An unhappy group of Lawrence-Cedarhurst firefighters attended and then left the Village of Lawrence on Jan. 10 dissatisfied that the board of trustees once again deferred officially approving both the newest fire services contract and the fire house construction and financing agreement.
Lawrence village, the Village of Cedarhurst and the North Lawrence and East Lawrence fire districts contract with the Lawrence-Cedarhurst Fire Department for fire service. Cedarhurst and the two other districts already approved their agreements with the LCFD.
However, Lawrence, which appeared to have approved an agreement a few months ago, has not formally ratified the new contract. Nor has the village signed off on their part of the financing arrangement that will fund the planned $2 million extension of the LCFD firehouse. An extension that is needed due to the size of the new trucks that are mandated by federal law. The firehouse at Washington and Central avenues in Lawrence was built in 1902 and was last renovated in 1971.
“My attorney returned the documents on Friday,” LCFD Chief John McHugh said at the meeting, referring to the date of Jan. 4. “This is an ordeal that has gone on for over two years,” he said, referring to the financing agreement. “We a have reached a saturation point.”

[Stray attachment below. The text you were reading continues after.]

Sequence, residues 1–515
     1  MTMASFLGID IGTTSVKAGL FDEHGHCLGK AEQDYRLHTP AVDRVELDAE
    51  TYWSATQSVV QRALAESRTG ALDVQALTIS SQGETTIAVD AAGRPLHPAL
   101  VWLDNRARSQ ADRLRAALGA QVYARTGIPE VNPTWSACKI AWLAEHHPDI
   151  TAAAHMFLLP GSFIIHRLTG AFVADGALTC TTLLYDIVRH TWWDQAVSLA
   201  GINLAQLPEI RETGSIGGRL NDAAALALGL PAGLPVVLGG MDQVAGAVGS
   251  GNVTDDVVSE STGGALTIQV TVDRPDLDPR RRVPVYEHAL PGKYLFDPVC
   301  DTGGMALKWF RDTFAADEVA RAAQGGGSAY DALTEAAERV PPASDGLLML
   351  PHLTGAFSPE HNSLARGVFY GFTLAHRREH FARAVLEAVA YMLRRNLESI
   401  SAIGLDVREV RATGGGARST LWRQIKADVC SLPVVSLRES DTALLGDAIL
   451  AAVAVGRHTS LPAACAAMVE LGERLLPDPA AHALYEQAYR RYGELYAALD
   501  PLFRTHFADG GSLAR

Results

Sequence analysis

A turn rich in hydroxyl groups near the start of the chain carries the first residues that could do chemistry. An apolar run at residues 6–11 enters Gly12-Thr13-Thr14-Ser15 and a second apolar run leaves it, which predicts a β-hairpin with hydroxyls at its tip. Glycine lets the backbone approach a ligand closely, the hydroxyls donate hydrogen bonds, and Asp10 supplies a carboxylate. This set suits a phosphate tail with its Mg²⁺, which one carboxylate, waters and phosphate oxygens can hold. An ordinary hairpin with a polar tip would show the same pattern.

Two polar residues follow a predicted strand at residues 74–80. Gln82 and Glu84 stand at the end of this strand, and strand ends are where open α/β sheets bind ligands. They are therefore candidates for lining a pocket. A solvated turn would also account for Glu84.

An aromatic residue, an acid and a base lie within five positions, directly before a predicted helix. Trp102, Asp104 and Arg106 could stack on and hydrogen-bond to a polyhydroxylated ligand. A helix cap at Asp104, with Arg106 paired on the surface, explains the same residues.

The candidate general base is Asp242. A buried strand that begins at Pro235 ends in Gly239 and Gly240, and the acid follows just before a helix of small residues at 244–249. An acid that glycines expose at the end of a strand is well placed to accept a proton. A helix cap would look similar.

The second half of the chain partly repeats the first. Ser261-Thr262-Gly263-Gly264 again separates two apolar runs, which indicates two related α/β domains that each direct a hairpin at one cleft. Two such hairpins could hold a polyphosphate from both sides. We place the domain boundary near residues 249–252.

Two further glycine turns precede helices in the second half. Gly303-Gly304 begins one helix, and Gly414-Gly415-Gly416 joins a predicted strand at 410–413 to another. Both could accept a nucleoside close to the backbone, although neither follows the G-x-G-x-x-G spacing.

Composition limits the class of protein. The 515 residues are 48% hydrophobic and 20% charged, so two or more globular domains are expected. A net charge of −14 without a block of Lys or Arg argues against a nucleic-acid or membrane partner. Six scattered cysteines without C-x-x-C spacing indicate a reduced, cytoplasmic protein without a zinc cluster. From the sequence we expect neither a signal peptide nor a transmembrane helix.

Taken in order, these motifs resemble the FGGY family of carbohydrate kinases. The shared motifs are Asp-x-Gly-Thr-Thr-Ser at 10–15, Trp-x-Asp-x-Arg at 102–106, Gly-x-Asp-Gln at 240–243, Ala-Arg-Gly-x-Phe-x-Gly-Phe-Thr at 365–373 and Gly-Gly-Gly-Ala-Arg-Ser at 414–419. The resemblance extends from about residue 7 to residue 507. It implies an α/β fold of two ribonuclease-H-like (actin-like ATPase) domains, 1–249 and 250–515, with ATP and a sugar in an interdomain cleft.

Saying that he empathized with the firefighters, Mayor Martin Oliner said, “I have done everything to move this forward.”
Village attorney A. Thomas Levin said he only received the changes to the financing agreement the week of the meeting and didn’t have the opportunity to review them.
McHugh’s frustration with the board was notable. He said that since Hurricane Sandy struck, his department has responded to more than 200 calls, including two major fires. “There is no other way to feel but we’ve been mistreated. This has to be resolved.”
The board, which was missing Deputy Mayor C. Simon Felder and Trustee Irving Langer, once again pushed the matter to the next meeting, which is expected to be held on Jan. 31.
As he left the meeting, Commissioner Edward Koehler said, “When somebody calls we come.”